I'm daughter to Lissie, sister to Jess, wife to Brien, mom to Hannah, Lily and Eleanor. I am a stay at home mom to my girls, and my free time is dedicated to gardening (I confess I'm still a novice and look to Lissie and Jess for advice), baking and cooking, and card making. I'm doing my part to make the earth a bit greener, trying hard to avoid processed foods and HFCS, and find the "slow food" movement intriguing and inspiring. I love visits to my local farmers' market, fresh produce, reading, getting out in nature, and spending time with my family.


Catholic, homeschooler, lover of books and great wine and an amateur gardening addict.


I'm Melissa aka "Lissie", mother of Rachael and Jessica, and grandmother to a passel of the sweetest children on the planet. I'm a semi-retired public educator and professor who works from home for a small publisher. I am a lover of all things beautiful ... flowers, the mountains, nature scenes, the innocent faces of children, and my rock and fossil collection, to name a few. I enjoy shopping at the farmers' market for fresh foods and then experimenting with new recipes. Good food and good wine delight me. I love to travel so my suitcase is always packed. Like my daughters, I take pleasure in simple things ... clothes drying on the line, tomatoes so fresh they are still hot from the sun, good books, and interesting movies. I'd like to know everything before I die.

Blog Archive

Vegetarian Chili: Quick and Easy

1 28-oz can diced tomatoes
2 T. olive oil
1 onion, chopped
3 T. chili powder
2 tsp. ground cumin
3 garlic cloves, minced
1 16-oz. can dark red chili beans
1 16-oz. can black beans
1.5 cups frozen corn
Optional: shredded cheddar cheese, diced avocado

1. Use food processor to quickly pulse tomatoes until coarse.

2. Heat oil in large pot or Dutch oven over medium-high heat, and cook the onion until soft. Stir in spices and garlic. Cook until fragrant. Stir in tomatoes and beans; bring to a boil. Reduce heat to medium and simmer for about 15 minutes. Stir in the corn, and cook for 2 minutes. Season with salt and pepper. Optional: Top with grated cheddar cheese and/or diced avocado.


Feast Or Famine?

Wild Cream of Mushroom Egg Noodle Bake (Hold the Canned Soup)

This is definitely a comfort food for me. It combines my love of egg noodles with creamy filling and a lovely nutty Grueyer topping. It comes compliments of Rachael Ray's 365: No Repeats.

Cream of Mushroom Sauce
1 T extra-virgin olive oil
2 T unsalted butter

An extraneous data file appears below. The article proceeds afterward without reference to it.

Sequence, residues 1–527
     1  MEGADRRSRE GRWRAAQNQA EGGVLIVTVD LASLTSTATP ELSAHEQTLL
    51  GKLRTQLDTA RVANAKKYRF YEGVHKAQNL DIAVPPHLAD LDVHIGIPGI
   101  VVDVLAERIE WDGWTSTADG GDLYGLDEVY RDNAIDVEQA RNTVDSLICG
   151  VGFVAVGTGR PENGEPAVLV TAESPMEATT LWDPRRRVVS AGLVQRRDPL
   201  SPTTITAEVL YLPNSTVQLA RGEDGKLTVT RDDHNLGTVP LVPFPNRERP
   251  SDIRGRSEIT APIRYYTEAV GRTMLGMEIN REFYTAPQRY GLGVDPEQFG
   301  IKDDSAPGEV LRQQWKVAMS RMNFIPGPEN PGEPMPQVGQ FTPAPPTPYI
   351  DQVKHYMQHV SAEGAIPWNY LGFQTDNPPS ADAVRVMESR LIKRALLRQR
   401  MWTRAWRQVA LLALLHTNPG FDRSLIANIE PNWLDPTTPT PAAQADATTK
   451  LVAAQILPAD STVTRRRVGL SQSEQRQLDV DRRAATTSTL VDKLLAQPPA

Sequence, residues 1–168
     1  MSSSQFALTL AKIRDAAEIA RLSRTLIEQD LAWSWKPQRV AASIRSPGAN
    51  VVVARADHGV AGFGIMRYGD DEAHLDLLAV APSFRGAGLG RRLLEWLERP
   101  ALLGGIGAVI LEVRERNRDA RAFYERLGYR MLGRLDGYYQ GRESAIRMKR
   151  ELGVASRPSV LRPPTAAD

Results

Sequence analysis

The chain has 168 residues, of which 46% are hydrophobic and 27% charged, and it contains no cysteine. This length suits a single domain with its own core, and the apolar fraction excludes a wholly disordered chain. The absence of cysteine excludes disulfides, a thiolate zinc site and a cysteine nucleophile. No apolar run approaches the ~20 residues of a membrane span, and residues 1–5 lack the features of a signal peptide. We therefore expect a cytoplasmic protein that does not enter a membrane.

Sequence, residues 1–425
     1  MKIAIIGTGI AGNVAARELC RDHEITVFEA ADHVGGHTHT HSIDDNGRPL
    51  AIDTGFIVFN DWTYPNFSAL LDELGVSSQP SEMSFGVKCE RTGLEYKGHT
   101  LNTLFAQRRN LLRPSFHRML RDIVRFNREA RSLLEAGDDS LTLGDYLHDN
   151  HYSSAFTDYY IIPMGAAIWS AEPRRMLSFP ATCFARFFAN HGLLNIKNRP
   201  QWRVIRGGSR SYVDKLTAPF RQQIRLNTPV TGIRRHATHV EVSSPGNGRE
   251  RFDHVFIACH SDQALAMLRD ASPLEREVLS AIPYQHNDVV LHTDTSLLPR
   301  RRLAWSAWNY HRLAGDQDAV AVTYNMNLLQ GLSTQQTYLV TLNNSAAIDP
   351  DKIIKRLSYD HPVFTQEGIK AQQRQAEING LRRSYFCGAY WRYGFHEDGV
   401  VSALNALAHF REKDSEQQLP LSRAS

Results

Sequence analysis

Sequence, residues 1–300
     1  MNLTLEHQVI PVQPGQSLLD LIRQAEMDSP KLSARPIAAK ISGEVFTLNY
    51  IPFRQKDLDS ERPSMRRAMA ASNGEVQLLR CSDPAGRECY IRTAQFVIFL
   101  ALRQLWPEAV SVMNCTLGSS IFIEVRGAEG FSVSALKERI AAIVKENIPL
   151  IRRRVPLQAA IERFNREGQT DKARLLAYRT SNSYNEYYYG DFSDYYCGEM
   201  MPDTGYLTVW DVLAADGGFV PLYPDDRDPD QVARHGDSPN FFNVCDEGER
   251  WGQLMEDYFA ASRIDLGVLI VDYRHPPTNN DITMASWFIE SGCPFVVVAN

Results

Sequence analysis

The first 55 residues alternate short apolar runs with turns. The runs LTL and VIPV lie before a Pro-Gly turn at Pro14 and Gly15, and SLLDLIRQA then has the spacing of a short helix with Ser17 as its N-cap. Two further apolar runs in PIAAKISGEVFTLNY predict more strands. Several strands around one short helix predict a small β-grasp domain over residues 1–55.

12 button mushrooms, chopped
2 T all-purpose flour
1 cup chicken stock or broth
1 cup whole milk or cream
1/8 t freshly grated nutmeg (ground works)
Salt and black pepper to taste

2 T extra-virgin olive oil
1 shallot, thinly sliced
2 portobello mushroom caps, halved and thinly sliced
1/2 lb fresh mixed wild mushrooms
1 T fresh thyme leaves, finely chopped (from 4 sprigs)
1/3 cup dry white whine
1 pound extra-wide egg noodles
1-2 T unsalted butter, softened
3/4 lb Gruyere or Emmentaler cheese, shredded
3 T fresh chives

Bring a large pot of water to a boil fro the egg noodles.

To make the mushroom sauce, heat a medium sauce pot over medium heat. Add the olive oil and the butter. When the butter melts, add the chopped button mushrooms and cook for 5 minutes, until just tender. Sprinkle in the flour and cook for 1 minute. Whisk in the chicken stock and bring to a bubble, then stir in the whole milk. Reduce the heat to low and gently simmer. Season the sauce with nutmeg, salt and pepper.

To make the casserole, heat a nonstick skillet over medium-high heat. Add the 2 T olive oil then the shallots and mushrooms. Cook the mushrooms for about 8 minutes, or until tender. Season with thyme, salt and pepper and deglaze the pan with the wine. Reduce the heat to medium low and let the liquid cook off.

Preheat the broiler to high.

While the mushrooms cook, drop the egg noodles into the boiling water, salt the water, and cook the noodles al dente. Drain the noodles and return them to the hot pot. Add the creamy sauce to the pot and toss the noodles to coat in the sauce.

Lightly coat a casserole dish with the softened butter, then transfer the cream of mushroom noodles ot the dish and top with the mushroom ragout and shredded cheese. Place the casserole under the vroiler and melt and bubble the cheese until brown at the edges. Garnish with the chives.
As you can see, we were fresh out of chives. Who cares? It was still ooey gooey delicious. :o)


Turkey Soup

Nope, it's not this. :oP

This is my most favorite turkey soup recipe and I didn't have the pleasure of enjoying it until I started dating Brien. This recipe comes to you all courtesy of Nana. (And, YES, I should have posted this BEFORE Thanksgiving, but I only thought about it this evening since it's dinner for the next week. )

1 turkey carcass
4 quarts water
1 cup butter
1 cup flour
3 onions, chopped
2 large carrots, diced (I just sliced 'em)
2 stalks celery, diced
1 cup long grain rice, uncooked
2 t salt
3/4 t pepper
2 cups half and half

Place turkey carcass and water in large dutch oven. Bring to a boil. Cover, reduce heat and simmer one hour. Remove carcass from broth and pick meat from bones (thank you bunches, Bob, for leaving ours so meat heavy!). Set broth and meat aside. Measure broth. Add water if necessary to equal 3 quarts.

Heat butter in a large dutch oven (I simply use the same one). Add flour and cook over medium heat, stirring constantly for five minutes (I use a whisk to eliminate lumps)--this makes a roux. Stir carrots, onions, and celery into the roux. Cook over medium heat for about 10 minutes, stirring often until they are softened. Add broth, turkey, rice, slat and pepper. Bring to a boil. Cover, reduce heat and simmer 20 minutes or until rice is tender. Add half and half and cook until thoroughly heated.

Enjoy! :o)


Bob's Best Salad